I put 2 coats of Rust oliem paint on each panel, not sure how it will hold up over time but it was cheap.

Each rack is held in place by a bracket on each end using 7/16" bolts into the roof and from the roof bracket to the panel rack itself. My thought was to make it possible to build "legs" so that I can increase the angle of the solar panels in the winter time so they will face the sun more directly.

For those that do not know here along the Canadian border the sun swings wildly from season to season. In the summer it is almost directly overhead and our nights are only 7 hours long. In the winter the sun moves far south and the angle of the panels needs to be adjusted up for maximum efficiency. In winter time we get about 7 hours of daylight so it helps to maximize your solar intake in the winter, that is when a off grid system will not hold up.

More to follow, I should have the racks done tomorrow, and the panels mounted within the next 4 days.
 

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Nice.

Just out of curiosity, did you give any thought to mounting them on the ground? Will they be angled enough so the snow slides off by itself, or are you gonna have to get up there and sweep the snow off? Or do you have a really long handled broom?
 

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Discussion Starter · #7 ·
Nice.

Just out of curiosity, did you give any thought to mounting them on the ground? Will they be angled enough so the snow slides off by itself, or are you gonna have to get up there and sweep the snow off? Or do you have a really long handled broom?
Hello
Yes I did look into a ground mount, but they are even more expensive than the roof mounts, I was quoted $1500 for a 8 panel ground mount. It is true they are easier to move and position for maximum intake, but a book I read suggested for the extra money for the ground mount, just buy more panels and permanently fix them, it is a wash on total power (say 8 panels pointed correctly and 12 panels fixed are the same amperage) and so much less work.

I am directly behind a 9000 foot mountain which absorbs most of the snow in winter, it is unusual to get more than 4 inches a day and 30 inches a month here, and it melts off really fast. The big kahuna mountain can have 40 feet on top, which is my irrigation water in the spring.

With a long handled broom I could easily brush them off.
 

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Very nice work Montana!

Please send some photos of your shop too. I love comparing shop photos.
 

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Discussion Starter · #9 · (Edited)
Ok, panel racks were fully up yesterday, this picture was taken this morning and the pallet on the tractor is the solar panels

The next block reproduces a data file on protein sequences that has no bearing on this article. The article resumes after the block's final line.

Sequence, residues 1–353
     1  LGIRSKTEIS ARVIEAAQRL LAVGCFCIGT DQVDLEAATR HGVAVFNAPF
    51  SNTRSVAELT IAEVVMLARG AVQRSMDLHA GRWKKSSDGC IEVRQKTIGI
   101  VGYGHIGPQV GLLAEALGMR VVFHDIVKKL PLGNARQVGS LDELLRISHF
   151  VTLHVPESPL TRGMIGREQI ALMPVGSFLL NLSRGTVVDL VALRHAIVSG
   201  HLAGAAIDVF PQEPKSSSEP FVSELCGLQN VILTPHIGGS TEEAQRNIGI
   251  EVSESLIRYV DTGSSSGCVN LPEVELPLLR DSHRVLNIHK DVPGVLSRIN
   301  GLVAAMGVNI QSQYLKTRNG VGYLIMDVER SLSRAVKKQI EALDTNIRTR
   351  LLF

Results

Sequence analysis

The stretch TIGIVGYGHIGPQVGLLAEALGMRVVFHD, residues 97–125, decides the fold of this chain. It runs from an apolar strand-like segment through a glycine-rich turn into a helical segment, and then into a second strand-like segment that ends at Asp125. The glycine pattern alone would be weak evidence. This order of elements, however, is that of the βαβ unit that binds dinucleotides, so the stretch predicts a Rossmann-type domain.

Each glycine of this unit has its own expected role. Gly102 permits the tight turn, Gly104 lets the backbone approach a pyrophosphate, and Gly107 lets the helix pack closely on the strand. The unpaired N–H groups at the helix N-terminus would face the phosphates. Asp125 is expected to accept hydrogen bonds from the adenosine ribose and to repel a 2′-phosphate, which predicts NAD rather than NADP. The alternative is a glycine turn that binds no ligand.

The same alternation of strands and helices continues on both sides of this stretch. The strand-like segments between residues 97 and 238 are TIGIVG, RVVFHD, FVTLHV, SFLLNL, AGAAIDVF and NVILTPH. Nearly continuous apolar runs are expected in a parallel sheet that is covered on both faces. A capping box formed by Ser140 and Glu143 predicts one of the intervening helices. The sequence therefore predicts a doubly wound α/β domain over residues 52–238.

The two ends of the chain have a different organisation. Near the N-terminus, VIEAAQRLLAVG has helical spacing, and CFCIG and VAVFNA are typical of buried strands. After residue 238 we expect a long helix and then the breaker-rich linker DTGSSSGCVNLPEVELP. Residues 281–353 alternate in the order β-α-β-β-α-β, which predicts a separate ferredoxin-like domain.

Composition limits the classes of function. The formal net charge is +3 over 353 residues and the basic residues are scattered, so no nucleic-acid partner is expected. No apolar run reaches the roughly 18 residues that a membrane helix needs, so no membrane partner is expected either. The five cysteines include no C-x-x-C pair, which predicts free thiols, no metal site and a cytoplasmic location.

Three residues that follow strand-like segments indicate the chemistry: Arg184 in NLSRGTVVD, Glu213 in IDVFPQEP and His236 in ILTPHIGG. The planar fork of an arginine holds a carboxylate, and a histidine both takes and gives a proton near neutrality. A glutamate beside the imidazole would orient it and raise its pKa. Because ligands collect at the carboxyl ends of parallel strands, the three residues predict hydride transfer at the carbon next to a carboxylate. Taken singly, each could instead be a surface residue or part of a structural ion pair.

P1010113.JPG

For those interested here is a label on the solar panels, made in USA, can't beat that.

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Drilled a 1 3/4" hole in my new metal roof (Gah) and placed a 1 1/2" galvanized pipe "U" with a 5" extension out the bottom so nothing would blow up and get into my garage. This is where all the 10ga wires from each set of 3 panels I wire in series will enter my garage. All this will be under a solar panel and is sealed and resealed with silicon, I am confident it will hold up to weather.

Wire Feed.jpg

Generous duct tape as I was working on this and wiring as the silicon was curing.
 

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Discussion Starter · #10 · (Edited)
Wiring is straight forward, each panel has a positive and negative out with one being male and the other female. It is possible for an idiot to plug the two together and ruin the $300 panel or start a fire so you need to pay attention.

I am running 3 panels in series which means I am hooking the positive of the first panel to the negative of the 2nd panel, and the positive of the 2nd panel to the negative of the third panel.

This give me a positive and a negative connector left, which I will run to my "combiner box" where all the solar panel strings of 3 will come together.

The roll of wire is a 30 foot extension which I cut in half, the one end hooks to the bottom of the 3 solar panel outputs, and the other hooks to the top of the 3 solar panels and then I run them down the hole mentioned above to the "combiner box"

Cabels.jpg

3 feet under the hole in my new roof is a combiner box, it is positioned directly overhead of my attic access panel so it is not only easy to wire, it is easy to access if I need to turn off the panels.

P1010132.JPG

The Combiner box allows me to put each string of 3 panels on a 15amp breaker which could save the whole system in case of a short. Also it allows me to isolate each string of 3 using my volt meter to determine if there is a bad panel in the array by measuring the output of each string.

The glowing bulb on the right hand side of the box is a 300volt surge suppressor in case aliens attack of Obama flies overhead in AF1
 

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Discussion Starter · #11 ·
Anyway here is my first solar panel mounted

P1010120.JPG

And my home made retainer to hold the top of the first panel down, used throughout the system:

P1010126.JPG

Each panel "locks" into a L shaped bracket on the bottom and is held with the above bolt/half washer on the top. So each string of 3 panels can be accessed, removed, replaced, without needing to disturb the other sets of panels.